What We Can Learn From Toll Lanes

We know that there is a lot that we don’t know. This suggests that we should run more field experiments to pilot potentially good policy ideas. Today’s UCLA Daily Bruin offers some good news from Los Angeles.

“A new toll lane opening on the 10 Freeway, which runs east-west from Santa Monica through Los Angeles, could ease traffic for some UCLA commuters this weekend.

Starting Saturday, solo drivers will be able to use the carpool lane on the 14-mile stretch from Los Angeles Union Station to the 605 Freeway if they pay a fee anywhere from 25 cents to $1.40 a mile depending on congestion and time of day, according to Metro.”

Some UCLA Urban Planner will write a very nice paper studying the benefits of efficiently pricing public property. We will learn some good lessons about the Tragedy of the Commons problem and somebody will have a nice pot of revenue collected from this pricing policy. Other cities will learn from LA’s experiment and will be likely to mimic this smart policy. I would like to know why the policy is only being adopted on the 14 mile stretch and whether it could be extended if the policy is deemed to be “effective”. For some specifics about this experiment click here.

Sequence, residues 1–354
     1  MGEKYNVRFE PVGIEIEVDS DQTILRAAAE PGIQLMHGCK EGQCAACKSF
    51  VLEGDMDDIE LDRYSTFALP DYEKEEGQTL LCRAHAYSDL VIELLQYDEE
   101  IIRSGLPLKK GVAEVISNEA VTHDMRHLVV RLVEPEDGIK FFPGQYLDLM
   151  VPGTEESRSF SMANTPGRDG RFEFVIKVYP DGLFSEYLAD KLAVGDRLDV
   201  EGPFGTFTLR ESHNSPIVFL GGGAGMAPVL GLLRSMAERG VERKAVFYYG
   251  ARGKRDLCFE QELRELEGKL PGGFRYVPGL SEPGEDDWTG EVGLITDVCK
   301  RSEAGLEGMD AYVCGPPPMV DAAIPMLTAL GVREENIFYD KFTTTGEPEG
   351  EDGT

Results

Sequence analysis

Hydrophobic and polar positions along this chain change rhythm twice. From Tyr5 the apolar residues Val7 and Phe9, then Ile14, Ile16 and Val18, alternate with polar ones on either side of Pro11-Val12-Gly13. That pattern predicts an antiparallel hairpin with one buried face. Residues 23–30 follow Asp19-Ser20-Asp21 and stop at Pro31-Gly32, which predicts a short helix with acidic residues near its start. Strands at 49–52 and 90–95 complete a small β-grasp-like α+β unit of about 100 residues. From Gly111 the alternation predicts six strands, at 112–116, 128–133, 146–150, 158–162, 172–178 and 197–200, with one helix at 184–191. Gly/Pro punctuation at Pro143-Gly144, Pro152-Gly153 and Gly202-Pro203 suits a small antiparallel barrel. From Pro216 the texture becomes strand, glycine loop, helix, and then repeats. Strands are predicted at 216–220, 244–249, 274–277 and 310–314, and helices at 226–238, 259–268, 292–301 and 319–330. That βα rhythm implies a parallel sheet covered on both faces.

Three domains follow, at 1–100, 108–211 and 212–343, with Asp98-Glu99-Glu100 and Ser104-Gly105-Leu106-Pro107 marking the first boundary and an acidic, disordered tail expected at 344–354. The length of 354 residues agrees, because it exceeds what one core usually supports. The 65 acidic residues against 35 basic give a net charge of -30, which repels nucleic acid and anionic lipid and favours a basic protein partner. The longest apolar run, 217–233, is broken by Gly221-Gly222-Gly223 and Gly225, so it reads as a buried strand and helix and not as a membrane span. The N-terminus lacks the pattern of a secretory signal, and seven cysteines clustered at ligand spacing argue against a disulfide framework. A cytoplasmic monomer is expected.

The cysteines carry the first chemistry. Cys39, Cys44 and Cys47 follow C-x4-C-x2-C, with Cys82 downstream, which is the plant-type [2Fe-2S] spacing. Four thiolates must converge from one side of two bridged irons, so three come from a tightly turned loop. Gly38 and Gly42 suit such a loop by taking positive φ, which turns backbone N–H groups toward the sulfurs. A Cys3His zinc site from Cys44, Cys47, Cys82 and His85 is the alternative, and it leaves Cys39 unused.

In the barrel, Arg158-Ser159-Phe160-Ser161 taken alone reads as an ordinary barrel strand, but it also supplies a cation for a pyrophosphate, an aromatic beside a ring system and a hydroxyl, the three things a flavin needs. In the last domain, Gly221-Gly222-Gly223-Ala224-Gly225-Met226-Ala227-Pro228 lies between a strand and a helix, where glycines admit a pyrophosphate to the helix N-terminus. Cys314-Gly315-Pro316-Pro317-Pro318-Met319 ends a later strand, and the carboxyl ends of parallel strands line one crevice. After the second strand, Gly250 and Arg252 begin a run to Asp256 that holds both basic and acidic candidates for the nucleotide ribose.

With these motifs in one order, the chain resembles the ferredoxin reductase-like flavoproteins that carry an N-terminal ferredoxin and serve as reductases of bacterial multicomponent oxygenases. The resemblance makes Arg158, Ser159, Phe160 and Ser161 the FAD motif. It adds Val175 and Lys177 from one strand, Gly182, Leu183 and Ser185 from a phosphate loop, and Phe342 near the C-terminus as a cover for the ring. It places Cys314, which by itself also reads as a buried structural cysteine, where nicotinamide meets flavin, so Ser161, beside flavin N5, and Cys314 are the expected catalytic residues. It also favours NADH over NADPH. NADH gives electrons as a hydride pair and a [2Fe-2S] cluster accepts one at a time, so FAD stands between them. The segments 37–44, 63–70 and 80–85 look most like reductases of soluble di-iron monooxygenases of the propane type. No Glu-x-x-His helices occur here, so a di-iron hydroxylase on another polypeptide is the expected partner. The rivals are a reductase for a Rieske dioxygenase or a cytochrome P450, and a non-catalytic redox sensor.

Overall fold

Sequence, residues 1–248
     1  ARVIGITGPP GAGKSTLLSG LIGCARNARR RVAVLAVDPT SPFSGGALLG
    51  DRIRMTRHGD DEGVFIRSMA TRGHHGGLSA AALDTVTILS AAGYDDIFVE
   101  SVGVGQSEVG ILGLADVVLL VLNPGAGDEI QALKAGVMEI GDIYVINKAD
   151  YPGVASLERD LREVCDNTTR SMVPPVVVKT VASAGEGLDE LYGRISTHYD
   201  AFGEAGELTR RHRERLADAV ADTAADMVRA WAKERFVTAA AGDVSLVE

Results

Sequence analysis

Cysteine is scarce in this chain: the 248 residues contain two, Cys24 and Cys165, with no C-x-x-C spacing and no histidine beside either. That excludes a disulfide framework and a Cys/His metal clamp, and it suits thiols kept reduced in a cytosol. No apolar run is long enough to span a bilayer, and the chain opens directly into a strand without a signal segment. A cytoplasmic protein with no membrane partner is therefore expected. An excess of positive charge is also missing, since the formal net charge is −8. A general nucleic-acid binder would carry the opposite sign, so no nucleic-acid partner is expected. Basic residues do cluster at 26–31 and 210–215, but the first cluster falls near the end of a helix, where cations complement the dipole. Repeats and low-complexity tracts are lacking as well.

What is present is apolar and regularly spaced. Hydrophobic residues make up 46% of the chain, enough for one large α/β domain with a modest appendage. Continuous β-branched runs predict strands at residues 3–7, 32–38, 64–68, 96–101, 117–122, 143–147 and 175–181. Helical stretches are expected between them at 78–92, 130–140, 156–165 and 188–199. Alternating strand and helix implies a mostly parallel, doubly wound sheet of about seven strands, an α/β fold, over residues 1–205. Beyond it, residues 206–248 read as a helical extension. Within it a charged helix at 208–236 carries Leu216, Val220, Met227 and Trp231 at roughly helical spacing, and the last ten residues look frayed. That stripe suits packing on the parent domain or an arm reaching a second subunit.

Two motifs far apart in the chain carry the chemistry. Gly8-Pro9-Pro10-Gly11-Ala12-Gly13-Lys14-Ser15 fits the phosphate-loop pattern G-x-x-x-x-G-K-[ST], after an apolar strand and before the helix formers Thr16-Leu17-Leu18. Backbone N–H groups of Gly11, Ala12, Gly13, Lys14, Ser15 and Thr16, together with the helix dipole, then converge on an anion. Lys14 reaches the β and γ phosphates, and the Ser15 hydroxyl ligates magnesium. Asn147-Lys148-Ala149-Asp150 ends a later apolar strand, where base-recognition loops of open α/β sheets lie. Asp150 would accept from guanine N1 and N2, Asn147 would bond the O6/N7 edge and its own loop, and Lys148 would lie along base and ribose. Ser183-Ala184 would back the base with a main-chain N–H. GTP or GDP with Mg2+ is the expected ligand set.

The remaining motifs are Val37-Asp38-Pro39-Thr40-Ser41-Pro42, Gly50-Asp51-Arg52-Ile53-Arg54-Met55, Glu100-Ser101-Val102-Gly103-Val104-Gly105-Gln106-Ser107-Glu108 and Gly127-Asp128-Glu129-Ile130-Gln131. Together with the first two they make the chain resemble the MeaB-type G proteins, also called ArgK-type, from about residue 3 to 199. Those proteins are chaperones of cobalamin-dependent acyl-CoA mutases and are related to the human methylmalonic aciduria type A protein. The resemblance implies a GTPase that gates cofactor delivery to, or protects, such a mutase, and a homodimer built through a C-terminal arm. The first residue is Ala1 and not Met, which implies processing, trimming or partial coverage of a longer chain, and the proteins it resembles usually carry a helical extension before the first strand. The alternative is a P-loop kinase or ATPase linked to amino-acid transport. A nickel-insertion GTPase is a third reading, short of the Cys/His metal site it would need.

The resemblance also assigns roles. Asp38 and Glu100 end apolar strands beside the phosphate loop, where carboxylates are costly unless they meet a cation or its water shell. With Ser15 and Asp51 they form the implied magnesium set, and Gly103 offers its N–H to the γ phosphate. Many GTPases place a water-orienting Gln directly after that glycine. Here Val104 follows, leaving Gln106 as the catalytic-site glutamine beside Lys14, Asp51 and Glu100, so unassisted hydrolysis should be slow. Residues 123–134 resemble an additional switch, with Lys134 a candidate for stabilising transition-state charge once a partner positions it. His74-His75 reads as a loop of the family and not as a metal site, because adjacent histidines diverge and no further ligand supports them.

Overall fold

[Cross-posted at The Reality-based Community]

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Matthew Kahn

Matthew Kahn is a professor at the University of California, Los Angeles's Institute of the Environment. He specializes in the environmental consequences of urban growth and related quality-of-life issues.